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The effect of the preemptive use of the NMDA receptor antagonist dextromethorphan on postoperative analgesic requirements.

Author(s): Helmy SA, Bali A.

Affiliation(s): Anesthesia Department, Faculty of Medicine, Cairo University, Cairo, Egypt.

Publication date & source: 2001, Anesth Analg. , 92(3):739-44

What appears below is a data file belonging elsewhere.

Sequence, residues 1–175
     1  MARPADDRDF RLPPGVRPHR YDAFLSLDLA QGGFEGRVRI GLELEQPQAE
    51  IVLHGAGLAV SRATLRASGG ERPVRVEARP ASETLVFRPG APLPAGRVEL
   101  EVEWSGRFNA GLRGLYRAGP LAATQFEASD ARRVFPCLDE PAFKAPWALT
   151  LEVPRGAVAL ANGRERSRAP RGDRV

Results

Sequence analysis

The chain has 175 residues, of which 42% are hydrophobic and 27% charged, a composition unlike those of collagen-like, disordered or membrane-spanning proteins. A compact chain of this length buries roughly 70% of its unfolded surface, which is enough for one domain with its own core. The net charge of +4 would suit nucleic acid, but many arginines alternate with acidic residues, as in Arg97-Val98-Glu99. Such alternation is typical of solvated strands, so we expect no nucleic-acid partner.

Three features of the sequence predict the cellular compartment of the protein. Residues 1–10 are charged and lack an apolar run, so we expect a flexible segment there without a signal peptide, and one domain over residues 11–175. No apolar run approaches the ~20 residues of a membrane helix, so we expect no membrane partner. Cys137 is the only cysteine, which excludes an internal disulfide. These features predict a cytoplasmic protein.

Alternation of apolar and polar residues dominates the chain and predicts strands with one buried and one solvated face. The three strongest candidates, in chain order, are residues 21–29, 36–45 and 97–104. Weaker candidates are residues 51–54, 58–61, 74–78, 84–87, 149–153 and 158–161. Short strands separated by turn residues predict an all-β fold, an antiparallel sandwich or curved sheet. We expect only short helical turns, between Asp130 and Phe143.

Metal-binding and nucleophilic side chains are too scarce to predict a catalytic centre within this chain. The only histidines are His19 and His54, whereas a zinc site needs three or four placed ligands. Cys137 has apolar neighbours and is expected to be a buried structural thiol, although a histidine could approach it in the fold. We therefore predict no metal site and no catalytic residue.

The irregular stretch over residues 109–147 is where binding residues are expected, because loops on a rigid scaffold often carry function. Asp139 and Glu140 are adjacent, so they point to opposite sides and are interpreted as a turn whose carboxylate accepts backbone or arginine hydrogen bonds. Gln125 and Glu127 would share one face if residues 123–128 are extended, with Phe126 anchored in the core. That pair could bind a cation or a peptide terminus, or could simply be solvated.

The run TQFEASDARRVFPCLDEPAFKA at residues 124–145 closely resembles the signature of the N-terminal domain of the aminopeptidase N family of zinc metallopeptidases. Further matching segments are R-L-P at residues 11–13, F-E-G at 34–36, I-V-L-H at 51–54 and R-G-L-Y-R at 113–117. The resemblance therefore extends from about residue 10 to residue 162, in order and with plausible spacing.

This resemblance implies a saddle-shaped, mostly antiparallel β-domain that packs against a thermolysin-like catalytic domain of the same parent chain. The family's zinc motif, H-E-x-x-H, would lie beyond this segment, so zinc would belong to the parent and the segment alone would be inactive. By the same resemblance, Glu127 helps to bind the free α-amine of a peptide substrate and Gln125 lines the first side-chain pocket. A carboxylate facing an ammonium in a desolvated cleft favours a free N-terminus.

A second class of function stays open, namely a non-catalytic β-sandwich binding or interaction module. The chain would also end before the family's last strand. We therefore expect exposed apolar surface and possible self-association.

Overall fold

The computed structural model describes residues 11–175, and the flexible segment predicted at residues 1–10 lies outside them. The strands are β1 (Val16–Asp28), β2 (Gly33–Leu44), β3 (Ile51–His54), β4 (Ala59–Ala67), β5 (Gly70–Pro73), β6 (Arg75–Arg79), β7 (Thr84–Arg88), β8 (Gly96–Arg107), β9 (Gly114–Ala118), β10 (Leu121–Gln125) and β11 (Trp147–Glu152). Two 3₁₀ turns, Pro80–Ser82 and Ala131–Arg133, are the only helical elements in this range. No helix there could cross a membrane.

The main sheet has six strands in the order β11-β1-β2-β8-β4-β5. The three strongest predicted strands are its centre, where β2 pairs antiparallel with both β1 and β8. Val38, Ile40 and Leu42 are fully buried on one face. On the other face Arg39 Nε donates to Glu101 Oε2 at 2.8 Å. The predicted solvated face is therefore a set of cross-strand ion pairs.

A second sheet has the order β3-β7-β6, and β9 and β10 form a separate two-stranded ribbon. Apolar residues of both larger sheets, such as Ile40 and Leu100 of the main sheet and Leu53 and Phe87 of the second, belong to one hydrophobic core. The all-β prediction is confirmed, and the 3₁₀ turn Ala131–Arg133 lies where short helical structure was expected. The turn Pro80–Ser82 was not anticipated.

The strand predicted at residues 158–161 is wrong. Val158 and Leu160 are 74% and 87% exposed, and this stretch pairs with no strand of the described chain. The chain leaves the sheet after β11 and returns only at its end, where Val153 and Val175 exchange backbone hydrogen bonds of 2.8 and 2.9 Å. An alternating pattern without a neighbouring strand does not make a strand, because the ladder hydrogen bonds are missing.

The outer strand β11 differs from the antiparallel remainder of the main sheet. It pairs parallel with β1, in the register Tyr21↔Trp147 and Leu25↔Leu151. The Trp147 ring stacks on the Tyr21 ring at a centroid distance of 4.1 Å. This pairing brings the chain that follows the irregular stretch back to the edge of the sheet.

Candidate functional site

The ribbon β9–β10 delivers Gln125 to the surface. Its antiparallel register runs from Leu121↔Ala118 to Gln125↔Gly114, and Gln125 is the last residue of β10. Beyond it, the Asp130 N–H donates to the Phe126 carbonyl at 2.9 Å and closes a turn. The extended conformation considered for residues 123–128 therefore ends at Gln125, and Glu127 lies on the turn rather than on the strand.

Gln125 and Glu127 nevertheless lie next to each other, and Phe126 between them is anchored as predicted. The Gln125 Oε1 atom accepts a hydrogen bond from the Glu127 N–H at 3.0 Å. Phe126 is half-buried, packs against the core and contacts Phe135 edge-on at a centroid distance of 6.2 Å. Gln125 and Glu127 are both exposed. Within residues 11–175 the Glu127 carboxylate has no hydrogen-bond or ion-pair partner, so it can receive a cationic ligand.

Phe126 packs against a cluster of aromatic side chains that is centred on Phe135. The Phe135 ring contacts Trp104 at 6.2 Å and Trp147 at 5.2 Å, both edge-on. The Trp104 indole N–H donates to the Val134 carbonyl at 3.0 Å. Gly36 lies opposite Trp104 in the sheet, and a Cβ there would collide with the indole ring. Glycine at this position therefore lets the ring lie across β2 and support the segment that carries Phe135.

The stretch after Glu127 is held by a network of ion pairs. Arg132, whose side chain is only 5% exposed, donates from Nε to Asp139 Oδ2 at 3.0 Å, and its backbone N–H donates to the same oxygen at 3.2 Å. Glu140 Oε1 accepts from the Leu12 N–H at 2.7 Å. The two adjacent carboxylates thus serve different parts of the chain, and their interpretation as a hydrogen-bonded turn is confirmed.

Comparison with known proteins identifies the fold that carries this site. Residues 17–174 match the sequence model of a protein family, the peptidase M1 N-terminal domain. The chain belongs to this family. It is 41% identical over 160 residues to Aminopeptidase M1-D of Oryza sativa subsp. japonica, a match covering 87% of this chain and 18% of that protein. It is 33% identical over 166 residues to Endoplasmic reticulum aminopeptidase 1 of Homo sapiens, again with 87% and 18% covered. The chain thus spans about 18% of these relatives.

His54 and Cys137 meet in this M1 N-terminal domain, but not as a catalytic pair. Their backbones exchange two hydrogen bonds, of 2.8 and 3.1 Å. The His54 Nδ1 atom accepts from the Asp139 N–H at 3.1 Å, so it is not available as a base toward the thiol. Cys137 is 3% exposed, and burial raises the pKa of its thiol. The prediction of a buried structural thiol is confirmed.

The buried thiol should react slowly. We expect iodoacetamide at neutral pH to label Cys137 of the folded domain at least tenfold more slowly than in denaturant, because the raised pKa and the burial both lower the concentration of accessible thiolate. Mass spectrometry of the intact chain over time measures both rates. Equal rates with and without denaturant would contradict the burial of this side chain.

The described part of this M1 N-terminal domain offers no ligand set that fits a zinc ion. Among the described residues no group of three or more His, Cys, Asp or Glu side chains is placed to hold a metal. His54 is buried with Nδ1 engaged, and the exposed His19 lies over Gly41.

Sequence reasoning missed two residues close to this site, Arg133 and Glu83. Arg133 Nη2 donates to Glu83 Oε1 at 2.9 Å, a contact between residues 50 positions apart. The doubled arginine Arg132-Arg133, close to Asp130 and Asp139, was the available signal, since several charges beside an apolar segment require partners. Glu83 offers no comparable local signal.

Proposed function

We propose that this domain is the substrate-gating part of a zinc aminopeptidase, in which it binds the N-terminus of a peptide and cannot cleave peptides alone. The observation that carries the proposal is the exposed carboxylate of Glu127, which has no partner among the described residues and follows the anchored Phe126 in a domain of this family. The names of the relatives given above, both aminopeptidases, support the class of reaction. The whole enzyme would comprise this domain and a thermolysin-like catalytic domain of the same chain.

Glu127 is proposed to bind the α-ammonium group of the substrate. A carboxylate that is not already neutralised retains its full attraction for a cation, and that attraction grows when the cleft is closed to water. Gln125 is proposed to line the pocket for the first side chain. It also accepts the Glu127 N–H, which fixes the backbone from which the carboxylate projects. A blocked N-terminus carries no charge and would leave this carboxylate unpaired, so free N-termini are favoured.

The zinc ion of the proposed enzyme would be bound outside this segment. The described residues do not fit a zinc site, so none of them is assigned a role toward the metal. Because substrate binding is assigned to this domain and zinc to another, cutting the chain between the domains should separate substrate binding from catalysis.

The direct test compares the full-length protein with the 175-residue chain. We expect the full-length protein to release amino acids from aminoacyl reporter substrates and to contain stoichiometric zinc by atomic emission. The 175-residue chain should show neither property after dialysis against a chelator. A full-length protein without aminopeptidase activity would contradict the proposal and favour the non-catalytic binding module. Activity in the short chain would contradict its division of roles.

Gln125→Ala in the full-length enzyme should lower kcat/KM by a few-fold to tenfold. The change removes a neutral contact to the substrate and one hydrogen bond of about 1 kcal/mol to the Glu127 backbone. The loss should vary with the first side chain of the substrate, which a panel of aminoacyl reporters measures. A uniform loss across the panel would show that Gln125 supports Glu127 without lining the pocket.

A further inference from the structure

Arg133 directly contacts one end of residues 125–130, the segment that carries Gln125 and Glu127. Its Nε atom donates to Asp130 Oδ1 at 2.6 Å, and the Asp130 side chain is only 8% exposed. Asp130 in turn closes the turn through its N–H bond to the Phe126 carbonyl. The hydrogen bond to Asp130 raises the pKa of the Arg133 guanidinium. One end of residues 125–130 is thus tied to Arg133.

Both central sensitization after peripheral tissue injury and the development of opiate tolerance involve activation of N-methyl-D-aspartate receptors. In this double-blinded, randomized study, we investigated the preemptive versus postincisional effects of dextromethorphan, an N-methyl-D-aspartate receptor antagonist, on postoperative pain management. Sixty ASA I and II patients undergoing elective upper abdominal surgery were randomly allocated to three equally sized groups. The Preincisional group patients received dextromethorphan (120 mg) IM 30 min before skin incision and a placebo (isotonic saline) 30 min before the end of surgery. The Postincisional group received the same dose of dextromethorphan 30 min before the end of surgery and a placebo 30 min before skin incision, and the Control group received a placebo both 30 min before skin incision and 30 min before the end of surgery. A standard general anesthetic technique including fentanyl, propofol, isoflurane, and atracurium was used. Postoperative meperidine patient-controlled analgesia (PCA) was used. There were no significant group differences in the median pain scores except in the visual analog scale at 6 h both at rest and on movement; these were significantly lower in the Preincisional group than the other two groups (P < 0.05). The mean time to initiation of PCA was significantly longer in the Preincisional than in the Postincisional and Control groups (mean [SD]: 10.7 [2.2 h], 5.4 [2.1 h], and 3.7 [1.6 h], respectively; P < 0.001]. The 24-h PCA-meperidine consumption was significantly less in the Preincisional than in the Postincisional and Control groups (mean [SD]: 140 [60 mg], 390 [80 mg], and 570 [70 mg], respectively; P < 0.001]. The incidence of postoperative hypoxemia (SpO(2) < 90%) and nausea was significantly less in the Preincisional group (P < 0.05). In conclusion, preincisional IM 120 mg dextromethorphan compared with the same postincisional dose significantly reduced postoperative meperidine consumption. IMPLICATIONS: IM administration of preincisional dextromethorphan (120 mg), allowing the use of a larger dose sufficient to block the central sensitization caused by activation of the N-methyl-D-aspartate receptors, provides preemptive analgesia and has a supportive role in postoperative pain relief, as shown by a significant decrease in 24-h meperidine consumption.

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